Anamorphic 40mm Prime Lens Comparison Test (Technovision, Xelmus, Cooke, and Lomo)By Matthew Fresolone | May 10th, 2022
This week, DP Max Goldberg shot an in-depth lens test at the Bokeh Rentals Facility with four lenses in high demand. Using the Alexa Mini LF at 4.5K LF Open Gate, Max tested:
Click from the list above to see the full tests, and check out more lens tests on our Vimeo page.
|Xelmus Apollo Anamorphic 40mm||P+S Technovision Anamorphic 40mm||Cooke FF Anamorphic SF 40mm||Lomo Round Front Anamorphic 40mm|
Visual LookThese four lenses all have their own unique looks. The plant at the left of frame shows that the Cooke SF’s visual look embraces warmer colors. The green appears brighter on the Cooke than the other three lenses, and the highlights are less reined in, lending itself to a dreamier, more organic feel. The Technovision 40mm has a slightly vintage look, with a little more noise and aberration than the others. The Xelmus and Lomo strongly embraces its anamorphic qualities, as demonstrated by their 2x squeeze factor. A lot more can be said about their looks, but the best way to compare lenses is to see them for yourself. Watch the Xelmus 40mm test below to see all the stylish features anamorphic has to offer:
Anamorphic FormatThese lenses are all built to capture in the anamorphic format, which is the conuterpart to spherical lenses. Anamorphic is a format in which the image is essentially squeezed horizontally, resulting in different image characteristics. The anamorphic image is mainly known for two things, its unique lens flare and its horizontally distorted presentation. This horizontal squeeze is why anamorphic lenses can produce wider landscapes and characters tend to look thinner onscreen. However, not all anamorphic lenses have the same squeeze factor—and the effect is notable. In Bokeh Rentals’ test, DP Max Goldberg saw how the Xelmus Apollo and Lomo 40mm’s 2x squeeze factor produced an image with noticeably more horizontal information than the Technovision 40mm. In between the two sits the Cooke’s squeeze rate of 1.8x, producing an image in between. These squeeze factors are in inherent to the lens, and can be chosen to accompany the user's visual preference. The higher the squeeze factors, the more a lens leans into its anamorphic format. With all things lenses, at the end of the day it comes down to taste. Notice the Lomo 40mm's squeeze factor below:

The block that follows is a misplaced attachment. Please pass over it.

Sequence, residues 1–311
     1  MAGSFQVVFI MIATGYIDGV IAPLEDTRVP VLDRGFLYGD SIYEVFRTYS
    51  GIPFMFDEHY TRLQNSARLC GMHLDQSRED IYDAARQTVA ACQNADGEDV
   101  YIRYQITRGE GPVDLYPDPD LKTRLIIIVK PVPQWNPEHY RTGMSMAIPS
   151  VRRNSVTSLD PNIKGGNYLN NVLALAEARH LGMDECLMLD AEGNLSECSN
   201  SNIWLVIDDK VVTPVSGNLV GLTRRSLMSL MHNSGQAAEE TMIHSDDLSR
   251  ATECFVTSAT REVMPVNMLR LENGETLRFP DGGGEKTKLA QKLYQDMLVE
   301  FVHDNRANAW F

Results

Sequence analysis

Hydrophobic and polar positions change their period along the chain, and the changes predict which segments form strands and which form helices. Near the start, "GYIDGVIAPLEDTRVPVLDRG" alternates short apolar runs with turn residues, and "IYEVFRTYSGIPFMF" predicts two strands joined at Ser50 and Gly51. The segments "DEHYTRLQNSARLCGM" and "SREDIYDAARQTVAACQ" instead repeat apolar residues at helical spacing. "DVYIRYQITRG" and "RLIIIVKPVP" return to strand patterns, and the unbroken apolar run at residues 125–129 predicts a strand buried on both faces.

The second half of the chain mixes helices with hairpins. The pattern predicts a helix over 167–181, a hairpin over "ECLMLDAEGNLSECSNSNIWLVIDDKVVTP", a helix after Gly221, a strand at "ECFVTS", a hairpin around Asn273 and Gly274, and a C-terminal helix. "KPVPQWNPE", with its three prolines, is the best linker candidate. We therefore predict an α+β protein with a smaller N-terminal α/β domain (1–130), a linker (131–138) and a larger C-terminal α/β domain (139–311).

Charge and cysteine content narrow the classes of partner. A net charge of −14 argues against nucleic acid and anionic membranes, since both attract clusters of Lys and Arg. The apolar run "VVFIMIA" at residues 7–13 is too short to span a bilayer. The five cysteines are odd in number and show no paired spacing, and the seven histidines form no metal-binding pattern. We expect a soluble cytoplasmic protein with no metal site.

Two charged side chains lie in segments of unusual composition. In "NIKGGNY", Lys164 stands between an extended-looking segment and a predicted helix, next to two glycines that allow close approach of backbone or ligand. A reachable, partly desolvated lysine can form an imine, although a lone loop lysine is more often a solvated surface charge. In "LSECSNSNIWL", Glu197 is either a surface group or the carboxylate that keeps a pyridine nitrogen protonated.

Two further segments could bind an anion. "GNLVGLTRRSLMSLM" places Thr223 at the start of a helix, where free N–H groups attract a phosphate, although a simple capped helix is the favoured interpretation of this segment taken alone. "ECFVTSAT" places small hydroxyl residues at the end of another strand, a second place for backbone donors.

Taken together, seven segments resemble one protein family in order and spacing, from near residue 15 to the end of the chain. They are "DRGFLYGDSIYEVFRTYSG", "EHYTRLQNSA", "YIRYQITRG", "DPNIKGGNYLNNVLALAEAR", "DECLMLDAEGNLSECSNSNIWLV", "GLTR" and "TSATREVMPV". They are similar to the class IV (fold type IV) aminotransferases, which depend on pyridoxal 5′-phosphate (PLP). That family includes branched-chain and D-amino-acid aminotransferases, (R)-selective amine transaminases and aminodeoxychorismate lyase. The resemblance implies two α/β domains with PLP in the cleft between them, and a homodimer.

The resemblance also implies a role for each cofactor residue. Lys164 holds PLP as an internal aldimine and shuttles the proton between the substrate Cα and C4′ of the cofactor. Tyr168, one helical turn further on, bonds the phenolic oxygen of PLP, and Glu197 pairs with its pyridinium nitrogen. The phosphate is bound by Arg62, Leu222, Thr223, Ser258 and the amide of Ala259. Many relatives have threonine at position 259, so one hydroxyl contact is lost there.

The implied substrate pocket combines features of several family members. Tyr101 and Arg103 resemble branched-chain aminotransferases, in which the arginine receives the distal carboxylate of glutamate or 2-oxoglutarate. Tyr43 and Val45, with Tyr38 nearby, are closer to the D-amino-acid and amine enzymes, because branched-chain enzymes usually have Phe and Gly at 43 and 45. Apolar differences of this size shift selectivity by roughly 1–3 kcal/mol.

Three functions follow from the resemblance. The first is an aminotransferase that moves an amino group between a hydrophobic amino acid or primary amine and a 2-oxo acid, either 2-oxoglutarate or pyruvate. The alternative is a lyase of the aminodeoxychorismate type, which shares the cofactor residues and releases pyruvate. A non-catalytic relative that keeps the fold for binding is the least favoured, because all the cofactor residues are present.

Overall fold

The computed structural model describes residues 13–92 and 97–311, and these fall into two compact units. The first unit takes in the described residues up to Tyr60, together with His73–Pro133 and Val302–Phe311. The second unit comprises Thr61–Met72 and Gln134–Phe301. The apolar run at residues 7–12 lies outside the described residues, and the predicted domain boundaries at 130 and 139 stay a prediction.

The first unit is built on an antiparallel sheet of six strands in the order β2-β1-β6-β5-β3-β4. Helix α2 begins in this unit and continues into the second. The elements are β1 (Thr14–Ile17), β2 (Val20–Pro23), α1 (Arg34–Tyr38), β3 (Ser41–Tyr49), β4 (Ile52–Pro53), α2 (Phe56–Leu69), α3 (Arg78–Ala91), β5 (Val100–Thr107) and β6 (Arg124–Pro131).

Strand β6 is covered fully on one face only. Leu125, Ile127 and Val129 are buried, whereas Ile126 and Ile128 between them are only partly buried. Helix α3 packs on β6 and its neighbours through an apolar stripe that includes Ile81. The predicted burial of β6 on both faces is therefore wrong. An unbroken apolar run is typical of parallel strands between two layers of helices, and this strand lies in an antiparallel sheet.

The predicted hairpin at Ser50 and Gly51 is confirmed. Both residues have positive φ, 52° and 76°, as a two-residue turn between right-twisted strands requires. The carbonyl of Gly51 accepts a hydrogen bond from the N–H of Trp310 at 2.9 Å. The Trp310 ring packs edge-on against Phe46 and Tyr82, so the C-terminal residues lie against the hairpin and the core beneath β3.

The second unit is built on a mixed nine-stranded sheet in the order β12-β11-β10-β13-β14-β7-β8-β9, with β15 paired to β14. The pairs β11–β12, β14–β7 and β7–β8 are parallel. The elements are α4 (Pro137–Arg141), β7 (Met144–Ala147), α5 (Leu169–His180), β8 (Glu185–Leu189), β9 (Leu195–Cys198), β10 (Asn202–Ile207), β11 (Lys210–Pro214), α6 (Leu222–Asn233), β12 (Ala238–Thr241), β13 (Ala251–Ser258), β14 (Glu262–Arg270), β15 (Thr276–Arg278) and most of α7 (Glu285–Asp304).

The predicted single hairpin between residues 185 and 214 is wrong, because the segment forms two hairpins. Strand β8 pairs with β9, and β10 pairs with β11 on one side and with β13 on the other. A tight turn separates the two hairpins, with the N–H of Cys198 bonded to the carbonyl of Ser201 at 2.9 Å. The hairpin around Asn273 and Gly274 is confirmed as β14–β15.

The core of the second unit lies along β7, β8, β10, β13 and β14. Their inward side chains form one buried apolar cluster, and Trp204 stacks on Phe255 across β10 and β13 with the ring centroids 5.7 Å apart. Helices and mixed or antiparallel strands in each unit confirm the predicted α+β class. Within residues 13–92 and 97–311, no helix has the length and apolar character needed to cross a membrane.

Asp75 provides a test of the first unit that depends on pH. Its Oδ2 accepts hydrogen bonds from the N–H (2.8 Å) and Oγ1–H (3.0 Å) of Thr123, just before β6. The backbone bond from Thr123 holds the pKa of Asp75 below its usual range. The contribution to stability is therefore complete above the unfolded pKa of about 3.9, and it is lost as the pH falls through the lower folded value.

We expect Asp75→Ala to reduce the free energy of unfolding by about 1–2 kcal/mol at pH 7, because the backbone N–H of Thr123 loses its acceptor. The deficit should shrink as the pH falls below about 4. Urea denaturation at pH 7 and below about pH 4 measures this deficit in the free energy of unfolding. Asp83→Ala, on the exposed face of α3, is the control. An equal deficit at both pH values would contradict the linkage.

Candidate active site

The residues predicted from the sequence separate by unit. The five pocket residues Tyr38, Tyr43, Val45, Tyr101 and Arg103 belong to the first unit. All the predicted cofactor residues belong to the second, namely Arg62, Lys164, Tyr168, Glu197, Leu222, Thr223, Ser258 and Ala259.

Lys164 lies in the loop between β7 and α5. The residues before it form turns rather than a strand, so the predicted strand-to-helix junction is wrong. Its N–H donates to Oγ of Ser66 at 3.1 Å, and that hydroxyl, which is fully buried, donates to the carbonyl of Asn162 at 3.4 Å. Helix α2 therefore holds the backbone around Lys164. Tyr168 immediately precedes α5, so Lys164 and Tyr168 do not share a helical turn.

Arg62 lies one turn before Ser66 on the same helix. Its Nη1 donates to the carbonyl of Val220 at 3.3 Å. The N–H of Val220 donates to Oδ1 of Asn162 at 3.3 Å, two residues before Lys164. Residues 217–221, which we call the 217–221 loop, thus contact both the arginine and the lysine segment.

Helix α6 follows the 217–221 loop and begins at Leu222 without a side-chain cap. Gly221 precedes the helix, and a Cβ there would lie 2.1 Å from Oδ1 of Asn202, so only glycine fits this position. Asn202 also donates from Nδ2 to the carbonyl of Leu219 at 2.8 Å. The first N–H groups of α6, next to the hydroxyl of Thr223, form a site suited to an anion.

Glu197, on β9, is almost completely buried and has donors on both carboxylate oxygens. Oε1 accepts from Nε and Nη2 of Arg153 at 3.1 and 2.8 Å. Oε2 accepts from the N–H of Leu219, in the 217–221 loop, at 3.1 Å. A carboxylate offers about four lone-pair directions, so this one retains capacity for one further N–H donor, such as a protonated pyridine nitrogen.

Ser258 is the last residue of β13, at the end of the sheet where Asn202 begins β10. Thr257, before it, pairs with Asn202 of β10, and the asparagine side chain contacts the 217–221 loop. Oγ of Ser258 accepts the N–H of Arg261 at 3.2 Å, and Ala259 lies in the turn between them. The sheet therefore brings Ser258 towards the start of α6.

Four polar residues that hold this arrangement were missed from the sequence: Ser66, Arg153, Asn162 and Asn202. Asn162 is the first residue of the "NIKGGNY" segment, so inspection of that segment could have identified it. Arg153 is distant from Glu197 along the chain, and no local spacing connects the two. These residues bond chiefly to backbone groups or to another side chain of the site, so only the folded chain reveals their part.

Lens FlaresThe Xelmus Apollo takes the cake here, which isn't surprising, since it leans so hard into its 2x anamorphic squeeze factor. Not only does the Apollo have the most active flaring onscreen, but it also has the most hue in its flare. This anamorphic lens is bold in reproducing the coveted anamorphic flare, with lines reaching across the frame in blue streaks that seemingly verge into purple shades. Similarly, it has the most layers within its flare design, creating a nuanced, unique look. Some users might find this exaggerated taste appealing, as there are plenty of popular anamorphics built specifically for enhanced flares. Next is the Technovision 40mm with its loud flare design. While light into the lens causes a blue-white streak to extend across the frame, there are additional, more abstract blue artifacts when sources point directly at the sensor. The Cooke SF 40mm does have several blurry, blue layers that seem to reach into the lens, but less prominently. These blue artifacts are less prominent than the Technovision's, suggesting that the Cooke FF lens is less sensitive to light. This Cooke lens is also a SF, or “Special Flares” version of its regular line of anamorphic primes, suggesting that the “Cooke Look” generally errs towards a controlled flare response. However, even its Special Flares builds have flares that are less exaggerated than the Xelmus Apollo. Lastly, we found that the Lomo 40mm has the most controlled flare response of these anamorphics. While it has short thin streaks emanating from the light source, flaring artifacts don’t tend to reach across the frame. This stands in comparison to the Apollo and Technovision, which seem eager to reach across the image with bold blue streaks, opposed to dressing only the source corner. Keep in mind that more or less flaring doesn't make an anamorphic lens better or worse. It simply comes down to user preference. View our Technovision 40mm T2.2 test in full resolution below:
Focus BreathingFocus breathing is when the image shifts as a result of changing focus. When doing lens tests, it's common practice to rack from the close focus to infinity to assess the maximum focus breathing you'll see on a lens. During Bokeh Rentals' lens tests, we found that the Xelmus Apollo exhibited the most distracting breathing. This isn't surprising though, given the much smaller retail price of the Apollo, compared to the Cooke 40mm, which has great breathing control and a much higher price. Watch our Cooke anamorphic 40mm test below, shot exclusively at the Bokeh Rentals facility:
The Bottom LineOverall, these lenses show the wide range of possibilities within the anamorphic format. Between the different flare responses, squeeze factors, and even basic differences in image such as contrast and color rendition, it's up to each user to decide which expression of anamorphic works for them.
- Check out the Full Lens Test on Bokeh Rental's Vimeo.
- Join the conversation on Bokeh Rental's Instagram.
Considering renting? Why not check out Bokeh Rentals’ Anamorphic Prime packages!
•Rent the Cooke FF 1.8x Anamorphic SF 2.8 Lenses at Bokeh Rentals
•Rent the PS Technik Technovision Anamorphic 1.5x FF Lenses at Bokeh Rentals
•Rent the Round Front Lomo Anamorphic Lenses at Bokeh Rentals
•Rent the Xelmus Apollo 2x FF Anamorphic Lenses at Bokeh Rentals
Contact us to customize a package to suit your production needs at low prices!